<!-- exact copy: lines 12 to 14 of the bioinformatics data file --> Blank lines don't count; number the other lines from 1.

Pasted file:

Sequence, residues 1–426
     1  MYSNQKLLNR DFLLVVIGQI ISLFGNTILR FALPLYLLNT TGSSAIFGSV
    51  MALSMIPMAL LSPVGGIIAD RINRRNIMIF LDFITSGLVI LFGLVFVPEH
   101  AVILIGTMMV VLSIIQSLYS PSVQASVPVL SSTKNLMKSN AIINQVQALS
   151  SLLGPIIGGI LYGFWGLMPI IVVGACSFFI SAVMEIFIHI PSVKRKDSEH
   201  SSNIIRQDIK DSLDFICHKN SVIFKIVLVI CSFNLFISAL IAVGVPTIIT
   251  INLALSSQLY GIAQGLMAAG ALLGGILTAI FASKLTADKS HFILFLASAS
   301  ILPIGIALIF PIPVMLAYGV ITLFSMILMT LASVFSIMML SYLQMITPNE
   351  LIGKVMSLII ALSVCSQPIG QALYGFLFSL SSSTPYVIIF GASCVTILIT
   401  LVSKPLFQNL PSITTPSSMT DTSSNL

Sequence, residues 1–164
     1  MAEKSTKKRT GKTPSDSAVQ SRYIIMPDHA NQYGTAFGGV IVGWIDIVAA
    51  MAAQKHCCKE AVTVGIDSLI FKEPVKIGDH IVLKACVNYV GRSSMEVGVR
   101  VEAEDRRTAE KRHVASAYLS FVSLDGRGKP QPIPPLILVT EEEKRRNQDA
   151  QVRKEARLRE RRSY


     1  MAEKSTKKRT GKTPSDSAVQ SRYIIMPDHA NQYGTAFGGV IVGWIDIVAA
    51  MAAQKHCCKE AVTVGIDSLI FKEPVKIGDH IVLKACVNYV GRSSMEVGVR
   101  VEAEDRRTAE KRHVASAYLS FVSLDGRGKP QPIPPLILVT EEEKRRNQDA